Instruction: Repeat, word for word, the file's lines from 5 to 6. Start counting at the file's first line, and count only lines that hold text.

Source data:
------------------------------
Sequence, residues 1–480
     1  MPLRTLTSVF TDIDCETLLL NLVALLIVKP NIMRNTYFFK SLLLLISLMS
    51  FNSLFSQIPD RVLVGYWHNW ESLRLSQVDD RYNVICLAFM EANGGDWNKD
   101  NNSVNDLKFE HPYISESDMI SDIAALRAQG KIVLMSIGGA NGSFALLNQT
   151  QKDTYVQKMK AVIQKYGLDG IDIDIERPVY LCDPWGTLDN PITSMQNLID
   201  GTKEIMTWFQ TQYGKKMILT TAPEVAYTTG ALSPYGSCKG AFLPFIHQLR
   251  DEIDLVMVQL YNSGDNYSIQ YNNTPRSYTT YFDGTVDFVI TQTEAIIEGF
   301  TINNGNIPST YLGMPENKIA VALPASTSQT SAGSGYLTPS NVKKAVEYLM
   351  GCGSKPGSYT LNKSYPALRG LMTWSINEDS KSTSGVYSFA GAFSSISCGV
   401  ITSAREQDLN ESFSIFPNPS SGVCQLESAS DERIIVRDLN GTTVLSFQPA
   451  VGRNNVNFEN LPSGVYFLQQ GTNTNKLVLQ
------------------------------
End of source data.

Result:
   151  QKDTYVQKMK AVIQKYGLDG IDIDIERPVY LCDPWGTLDN PITSMQNLID
   201  GTKEIMTWFQ TQYGKKMILT TAPEVAYTTG ALSPYGSCKG AFLPFIHQLR